Air Liquide Electronics awarded for innovation
An advanced precursor developed by Air Liquide’s teams has received the IC Industry Award*" at SEMICON Europa 2009, held recently in Dresden (Germany).
To make increasingly efficient electronic devices, the semiconductor industry must rely on new chip materials.
Ruthenium is one such material poised to become a crucial element, particularly in data storage and memories.
Ruthenium is notably used in manufacturing new generation hard disk reading heads based on a novel physical effect, known as giant magnetoresistance. Its discovery by Albert Fert (France) and Peter Grünberg (Germany) earned them both the Nobel Prize in Physics for 2007.
To develop these new reading heads, as well as memories and other electronic components, Air Liquide Group’s research teams created and patented a new advanced precursor, ToRuSTM, which is used to deposit of very thin ruthenium layers only a few atoms thick. Today, ToRuSTM is used by several of the Group’s customers.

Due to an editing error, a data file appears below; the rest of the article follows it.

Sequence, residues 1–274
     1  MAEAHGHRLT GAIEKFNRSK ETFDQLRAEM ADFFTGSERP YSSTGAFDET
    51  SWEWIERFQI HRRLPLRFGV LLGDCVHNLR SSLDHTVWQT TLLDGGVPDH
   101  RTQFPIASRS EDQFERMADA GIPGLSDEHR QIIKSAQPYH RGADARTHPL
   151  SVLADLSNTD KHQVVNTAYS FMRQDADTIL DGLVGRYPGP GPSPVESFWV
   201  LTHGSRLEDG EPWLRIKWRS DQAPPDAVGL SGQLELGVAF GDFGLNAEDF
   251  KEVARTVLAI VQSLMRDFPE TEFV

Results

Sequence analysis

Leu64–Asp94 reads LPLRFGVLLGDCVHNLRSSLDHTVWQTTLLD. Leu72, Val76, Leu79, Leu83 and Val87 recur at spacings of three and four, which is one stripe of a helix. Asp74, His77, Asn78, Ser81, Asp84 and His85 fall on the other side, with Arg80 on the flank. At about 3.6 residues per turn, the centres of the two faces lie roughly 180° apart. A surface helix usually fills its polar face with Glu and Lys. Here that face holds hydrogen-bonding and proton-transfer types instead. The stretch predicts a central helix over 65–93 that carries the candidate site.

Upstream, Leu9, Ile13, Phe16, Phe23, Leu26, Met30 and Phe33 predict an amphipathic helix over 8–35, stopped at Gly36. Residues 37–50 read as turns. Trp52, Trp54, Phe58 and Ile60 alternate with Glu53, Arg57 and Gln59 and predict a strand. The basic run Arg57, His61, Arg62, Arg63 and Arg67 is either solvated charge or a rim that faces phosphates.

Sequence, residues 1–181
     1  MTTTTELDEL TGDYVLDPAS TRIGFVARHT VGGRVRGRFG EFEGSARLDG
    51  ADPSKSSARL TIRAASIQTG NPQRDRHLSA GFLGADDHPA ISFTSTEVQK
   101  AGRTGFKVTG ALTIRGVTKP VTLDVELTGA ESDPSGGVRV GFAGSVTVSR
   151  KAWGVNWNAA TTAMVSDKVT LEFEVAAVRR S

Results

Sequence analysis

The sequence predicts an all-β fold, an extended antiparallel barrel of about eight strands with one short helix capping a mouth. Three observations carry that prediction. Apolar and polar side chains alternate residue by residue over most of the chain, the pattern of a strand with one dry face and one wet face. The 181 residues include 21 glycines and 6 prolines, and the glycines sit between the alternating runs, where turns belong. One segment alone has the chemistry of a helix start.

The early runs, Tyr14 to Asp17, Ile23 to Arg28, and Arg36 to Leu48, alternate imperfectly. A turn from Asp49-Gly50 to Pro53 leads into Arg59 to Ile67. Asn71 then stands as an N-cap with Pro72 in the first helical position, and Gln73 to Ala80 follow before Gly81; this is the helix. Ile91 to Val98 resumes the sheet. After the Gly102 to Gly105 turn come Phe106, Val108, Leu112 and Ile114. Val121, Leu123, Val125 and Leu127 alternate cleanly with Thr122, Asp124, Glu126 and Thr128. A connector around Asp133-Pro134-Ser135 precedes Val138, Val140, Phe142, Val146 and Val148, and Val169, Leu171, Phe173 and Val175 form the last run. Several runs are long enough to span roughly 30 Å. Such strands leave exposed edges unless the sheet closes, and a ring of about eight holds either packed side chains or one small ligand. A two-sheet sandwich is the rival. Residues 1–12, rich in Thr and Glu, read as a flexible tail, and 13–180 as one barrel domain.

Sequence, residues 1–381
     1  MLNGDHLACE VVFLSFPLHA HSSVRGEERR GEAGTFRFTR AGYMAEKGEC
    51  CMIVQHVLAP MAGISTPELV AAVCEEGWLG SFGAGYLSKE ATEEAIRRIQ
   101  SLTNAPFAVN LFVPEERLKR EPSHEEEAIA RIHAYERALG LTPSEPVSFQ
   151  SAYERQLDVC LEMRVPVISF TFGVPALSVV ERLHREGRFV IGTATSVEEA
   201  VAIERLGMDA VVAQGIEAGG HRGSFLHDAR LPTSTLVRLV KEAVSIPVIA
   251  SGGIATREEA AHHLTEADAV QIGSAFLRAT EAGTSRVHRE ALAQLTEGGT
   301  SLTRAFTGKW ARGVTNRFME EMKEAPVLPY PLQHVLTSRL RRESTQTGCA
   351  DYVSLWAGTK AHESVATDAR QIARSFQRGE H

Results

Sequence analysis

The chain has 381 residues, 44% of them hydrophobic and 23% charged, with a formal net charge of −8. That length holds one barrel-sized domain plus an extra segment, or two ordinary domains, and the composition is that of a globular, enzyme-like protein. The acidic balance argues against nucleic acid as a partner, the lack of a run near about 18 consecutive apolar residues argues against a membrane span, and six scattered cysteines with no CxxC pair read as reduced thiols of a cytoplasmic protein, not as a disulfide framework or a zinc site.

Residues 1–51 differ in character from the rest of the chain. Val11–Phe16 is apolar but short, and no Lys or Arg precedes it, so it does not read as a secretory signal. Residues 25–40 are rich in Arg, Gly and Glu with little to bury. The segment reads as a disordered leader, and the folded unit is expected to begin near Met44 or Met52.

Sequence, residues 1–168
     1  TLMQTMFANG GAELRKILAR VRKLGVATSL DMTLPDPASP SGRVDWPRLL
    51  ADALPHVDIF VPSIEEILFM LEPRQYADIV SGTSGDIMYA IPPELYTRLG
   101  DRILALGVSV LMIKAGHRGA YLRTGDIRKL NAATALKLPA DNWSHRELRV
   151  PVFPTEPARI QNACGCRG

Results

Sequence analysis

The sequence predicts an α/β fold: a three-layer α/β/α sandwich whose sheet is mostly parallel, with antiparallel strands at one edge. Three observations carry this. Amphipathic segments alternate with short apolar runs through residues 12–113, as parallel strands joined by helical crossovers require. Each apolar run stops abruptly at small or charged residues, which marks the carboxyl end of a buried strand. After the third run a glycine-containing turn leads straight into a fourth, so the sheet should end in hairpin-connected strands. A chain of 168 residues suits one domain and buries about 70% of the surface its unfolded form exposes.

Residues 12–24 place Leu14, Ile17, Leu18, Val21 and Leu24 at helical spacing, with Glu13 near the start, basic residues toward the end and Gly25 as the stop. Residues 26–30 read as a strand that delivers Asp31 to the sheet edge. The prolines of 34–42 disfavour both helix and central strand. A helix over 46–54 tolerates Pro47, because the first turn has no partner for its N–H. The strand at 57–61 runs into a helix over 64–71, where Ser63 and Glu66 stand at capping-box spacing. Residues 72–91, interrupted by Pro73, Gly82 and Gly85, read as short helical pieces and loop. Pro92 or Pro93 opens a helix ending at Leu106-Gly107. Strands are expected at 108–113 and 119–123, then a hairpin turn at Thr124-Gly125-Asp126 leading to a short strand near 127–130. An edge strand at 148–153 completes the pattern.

At SEMICON Europa 2009, the results of votes cast by 25,000 professionals in the electronics industry designated ToRuSTM the winner of the Enabling Material prize, which recognizes inventions that allow for significant progress in electronic components manufacturing.
Air Liquide’s Electronics activity recorded revenue of €1,044 million in 2008. Its sales were mostly ultra-pure gases, specialty gases, new molecules, equipment for the use of these products, and customized services.
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